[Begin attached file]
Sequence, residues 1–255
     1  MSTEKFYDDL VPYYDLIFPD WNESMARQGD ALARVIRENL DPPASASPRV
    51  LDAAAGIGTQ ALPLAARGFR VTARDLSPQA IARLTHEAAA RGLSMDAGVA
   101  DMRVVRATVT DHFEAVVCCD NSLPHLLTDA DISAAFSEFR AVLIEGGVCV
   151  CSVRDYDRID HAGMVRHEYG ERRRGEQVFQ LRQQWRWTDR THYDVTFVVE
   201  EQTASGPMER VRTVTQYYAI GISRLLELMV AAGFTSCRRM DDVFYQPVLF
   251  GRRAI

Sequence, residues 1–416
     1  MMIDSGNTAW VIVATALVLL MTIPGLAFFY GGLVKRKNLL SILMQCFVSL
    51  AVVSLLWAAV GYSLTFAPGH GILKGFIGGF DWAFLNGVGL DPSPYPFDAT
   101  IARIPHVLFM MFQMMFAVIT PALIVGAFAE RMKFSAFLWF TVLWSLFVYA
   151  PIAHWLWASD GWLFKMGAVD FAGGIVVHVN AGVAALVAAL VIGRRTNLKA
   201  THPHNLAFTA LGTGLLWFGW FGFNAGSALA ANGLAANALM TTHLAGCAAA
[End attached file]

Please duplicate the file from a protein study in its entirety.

Sequence, residues 1–255
     1  MSTEKFYDDL VPYYDLIFPD WNESMARQGD ALARVIRENL DPPASASPRV
    51  LDAAAGIGTQ ALPLAARGFR VTARDLSPQA IARLTHEAAA RGLSMDAGVA
   101  DMRVVRATVT DHFEAVVCCD NSLPHLLTDA DISAAFSEFR AVLIEGGVCV
   151  CSVRDYDRID HAGMVRHEYG ERRRGEQVFQ LRQQWRWTDR THYDVTFVVE
   201  EQTASGPMER VRTVTQYYAI GISRLLELMV AAGFTSCRRM DDVFYQPVLF
   251  GRRAI

Sequence, residues 1–416
     1  MMIDSGNTAW VIVATALVLL MTIPGLAFFY GGLVKRKNLL SILMQCFVSL
    51  AVVSLLWAAV GYSLTFAPGH GILKGFIGGF DWAFLNGVGL DPSPYPFDAT
   101  IARIPHVLFM MFQMMFAVIT PALIVGAFAE RMKFSAFLWF TVLWSLFVYA
   151  PIAHWLWASD GWLFKMGAVD FAGGIVVHVN AGVAALVAAL VIGRRTNLKA
   201  THPHNLAFTA LGTGLLWFGW FGFNAGSALA ANGLAANALM TTHLAGCAAA